Another option would be to commandeer the line of a third-party... say, for instance, the Alaskan Independence Party. The first problem is that the AIP didn't even bother to nominate a candidate for the general election in the first place, casting doubt on whether it's legally possible for such a play to be engineered. (Remember, Wally Hickel was famously offered the AIP line after losing the GOP primary for the 1990 gubernatorial election, but he was taking over the ballot spot of a previously-nominated candidate.) In any event, the question is entirely academic, as the chair of the AIP has said that they would "absolutely not" let Murkowski join their ranks.
The best option for Murkowski may be to go Libertarian -- that party seems entirely willing to listen to any offer she might make:
If Murkowski loses the primary, there is a possibility that she might able to run on the Libertarian ticket in the November general election. But that would require the Libertarian Senate candidate, David Haase, to agree to step aside, and for the Alaska Libertarian Party to agree to put Murkowski on the ballot.
Alaska Libertarian Party chairman Scott Kohlaas said he was open to the idea and that party leaders were discussing it. "There's a chance," Kohlhaas said on Wednesday.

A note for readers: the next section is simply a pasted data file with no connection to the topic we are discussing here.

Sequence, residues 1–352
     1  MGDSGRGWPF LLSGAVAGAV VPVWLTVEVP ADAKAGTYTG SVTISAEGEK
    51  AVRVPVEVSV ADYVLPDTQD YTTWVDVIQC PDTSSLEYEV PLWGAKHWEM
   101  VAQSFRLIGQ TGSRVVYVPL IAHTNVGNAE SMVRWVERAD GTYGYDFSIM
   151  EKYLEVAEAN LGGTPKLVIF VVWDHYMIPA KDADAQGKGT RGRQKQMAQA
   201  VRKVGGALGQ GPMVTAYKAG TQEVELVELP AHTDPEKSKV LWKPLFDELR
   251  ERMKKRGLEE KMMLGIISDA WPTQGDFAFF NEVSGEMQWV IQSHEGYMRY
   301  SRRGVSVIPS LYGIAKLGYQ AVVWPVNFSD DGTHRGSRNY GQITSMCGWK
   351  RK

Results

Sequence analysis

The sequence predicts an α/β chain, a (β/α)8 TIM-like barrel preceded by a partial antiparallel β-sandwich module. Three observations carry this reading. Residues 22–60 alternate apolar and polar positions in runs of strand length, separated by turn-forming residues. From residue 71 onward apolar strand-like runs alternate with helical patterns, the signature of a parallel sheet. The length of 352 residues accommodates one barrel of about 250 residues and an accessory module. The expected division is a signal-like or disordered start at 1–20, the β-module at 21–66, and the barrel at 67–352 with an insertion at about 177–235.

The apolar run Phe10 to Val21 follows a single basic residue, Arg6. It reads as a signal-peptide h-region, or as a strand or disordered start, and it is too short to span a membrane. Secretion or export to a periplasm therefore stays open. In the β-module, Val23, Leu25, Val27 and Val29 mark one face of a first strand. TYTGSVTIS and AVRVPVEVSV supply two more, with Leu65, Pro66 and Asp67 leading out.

Haase didn't rule out the idea, saying he'd certainly listen if Murkowski wanted to step into his place.
Scott McAdams, The Anti-Teabagger: First, I encourage you to read this excellent piece by The Mudflats offering a wealth of background on how Joe Miller came from nowhere to force this nail-biter. The piece also has some color on Democrat Scott McAdams, and the details sound pretty good:
Scott McAdams, little known to Alaskans outside the southeast pan-handle, is a popular small town mayor. He runs the city of Sitka and has balanced budgets, focused on education, served on the school board, and has even figured out how to sell water to India. He was a deckhand on a commercial fishing boat all over the state, and is all the kinds of things that Sarah Palin said she was, before the media began to shine a flashlight in all the dark corners. He's a "real Alaskan" in the style of the politicians of old, before oil was discovered and turned a libertarian blue state reddish. [...]